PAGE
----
JANICE IN WONDERLAND
(Tales from Mexico)
By Janice Kimball, M.F.A.
I thought it didn’t matter what happened to my body after I was dead. For me, dead is dead. That was before I discovered my cemetery plot was in the wrong neighborhood.
I bought the plot in the old Ajijic Panteon. Teo’s daughter arranged it. It must have taken her a year to get permission from the rest of the family for us to be buried together, as in the eyes of the Catholic Church he was still married to her mother, from whom he had been separated for over 20 years. The three of us walked to the cemetery a few blocks from my studio arm in arm, grandchildren and great grandchildren following. His daughter was excited as she explained that the old cemetery was full, but that she had finally found a plot I could buy. It was in the children’s section.
It was tiny. Would I be buried with my knees up? I joked that I would like to have my feet chopped off instead. The youngest granddaughter’s eyes welled up with tears, so I cooled it. “What do you think?” I asked Teo in Spanish. “It is appropriate that we be buried with other innocents,” he replied.
“Maybe we could all be stacked up here together,” I joked, turning around to address the children. Their eyes lit up. The plot was as good as sold. What does it matter? Dead is dead.
The common Mexican belief is that you are not really dead until there is no one left who remembers you. Spirits live on and often inhabit the bodies of others. To his daughter, death is part of life and she was concerned about ours.
Walking home, I asked her, “If the cemetery is full, what do they do with the extra dead people?”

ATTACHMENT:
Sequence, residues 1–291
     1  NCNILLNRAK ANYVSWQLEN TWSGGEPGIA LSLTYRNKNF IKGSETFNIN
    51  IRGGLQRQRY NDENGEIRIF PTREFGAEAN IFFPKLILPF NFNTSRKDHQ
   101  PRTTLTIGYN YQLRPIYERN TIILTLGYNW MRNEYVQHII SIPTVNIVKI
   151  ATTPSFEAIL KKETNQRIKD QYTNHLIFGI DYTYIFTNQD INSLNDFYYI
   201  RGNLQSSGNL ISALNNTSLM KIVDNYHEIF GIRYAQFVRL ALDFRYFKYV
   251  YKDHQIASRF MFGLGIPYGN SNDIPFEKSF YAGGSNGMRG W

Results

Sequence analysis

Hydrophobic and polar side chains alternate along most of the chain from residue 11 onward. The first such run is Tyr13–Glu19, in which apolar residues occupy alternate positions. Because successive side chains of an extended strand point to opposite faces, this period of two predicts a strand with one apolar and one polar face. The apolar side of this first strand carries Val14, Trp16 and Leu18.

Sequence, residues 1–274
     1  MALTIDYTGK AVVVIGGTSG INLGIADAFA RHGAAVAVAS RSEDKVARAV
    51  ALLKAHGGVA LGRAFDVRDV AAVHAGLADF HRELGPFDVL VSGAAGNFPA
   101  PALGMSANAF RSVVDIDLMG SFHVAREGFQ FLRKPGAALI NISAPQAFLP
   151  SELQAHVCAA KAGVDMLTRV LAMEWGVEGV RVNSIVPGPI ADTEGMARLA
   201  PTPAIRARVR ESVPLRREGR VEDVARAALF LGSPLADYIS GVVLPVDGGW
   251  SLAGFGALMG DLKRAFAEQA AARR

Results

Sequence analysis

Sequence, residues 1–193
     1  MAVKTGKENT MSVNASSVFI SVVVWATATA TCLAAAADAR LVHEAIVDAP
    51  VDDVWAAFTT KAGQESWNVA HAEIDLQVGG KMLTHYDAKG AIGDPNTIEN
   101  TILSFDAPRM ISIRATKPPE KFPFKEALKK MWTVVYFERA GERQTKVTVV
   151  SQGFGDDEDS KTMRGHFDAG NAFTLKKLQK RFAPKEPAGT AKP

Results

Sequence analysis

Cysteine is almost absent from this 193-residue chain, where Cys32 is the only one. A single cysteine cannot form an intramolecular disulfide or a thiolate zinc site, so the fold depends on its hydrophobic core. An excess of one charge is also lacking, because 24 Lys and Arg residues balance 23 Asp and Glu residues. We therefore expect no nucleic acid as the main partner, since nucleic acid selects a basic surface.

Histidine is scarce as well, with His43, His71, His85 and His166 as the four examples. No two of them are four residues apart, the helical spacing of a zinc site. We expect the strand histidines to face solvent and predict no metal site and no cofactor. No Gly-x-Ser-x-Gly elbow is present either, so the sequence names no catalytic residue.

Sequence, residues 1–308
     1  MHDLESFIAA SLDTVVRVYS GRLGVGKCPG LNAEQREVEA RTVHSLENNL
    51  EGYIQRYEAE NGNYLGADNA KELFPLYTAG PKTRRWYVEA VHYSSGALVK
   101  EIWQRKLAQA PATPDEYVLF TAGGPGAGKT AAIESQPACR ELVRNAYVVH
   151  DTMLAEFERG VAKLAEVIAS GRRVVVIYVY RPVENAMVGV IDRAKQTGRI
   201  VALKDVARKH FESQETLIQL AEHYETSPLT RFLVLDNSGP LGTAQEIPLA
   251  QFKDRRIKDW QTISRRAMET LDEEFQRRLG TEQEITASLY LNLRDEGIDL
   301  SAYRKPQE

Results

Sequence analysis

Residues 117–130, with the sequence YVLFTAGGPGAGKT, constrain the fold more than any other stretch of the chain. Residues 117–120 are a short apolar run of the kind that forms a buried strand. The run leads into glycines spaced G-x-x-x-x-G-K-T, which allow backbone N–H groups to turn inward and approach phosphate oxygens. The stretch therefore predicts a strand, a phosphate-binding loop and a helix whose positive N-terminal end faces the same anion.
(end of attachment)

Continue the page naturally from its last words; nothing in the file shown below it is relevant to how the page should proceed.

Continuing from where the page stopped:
“They bury them in the new cemetery near La Cristina,” she replied. I could buy a plot there, I assured her. “Nobody wants to be buried there,” she said emphatically. “The spirits there are not happy.” I learned it was a place we would be rarely visited, being too far for the family to walk. Also, it was a cemetery with no ancients to confer with, and it was possible we would not even know our own neighbors.
My faint optimism waned on a following visit when I was told a baby buried in my plot years ago needed to be exhumed and moved in with a neighboring baby. There was some dissention with the other family regarding this “partnership.”
I made more discoveries attending a funeral there a year later. It was for a shirt-tail relative I did not know. I was squashed in with the family that I felt so comfortable with, but moving around I kept bumping into drunks, and I have drunk-man phobia. I wandered off and noticed some empty plots in another part of the cemetery. Teo’s daughter came looking for me. We sat down and talked among the tombstones. “The cemetery is divided up into barrios (neighborhoods),” she explained. “One does not know what goes on in another barrio, and it is very impolite to inquire.”
“Who is the other baby?” I asked.
“He is my husband’s brother,” she replied. I walked over to my tiny plot, nestled between a tequila and a whisky bottle. Dead is dead, that’s for sure—but does anybody know how I can rejoin the Hemlock Society?
(Ed. Note: Janice is the owner of Aztec Studios in West Ajijic. www.mexicoartshow.com/urzua.html)
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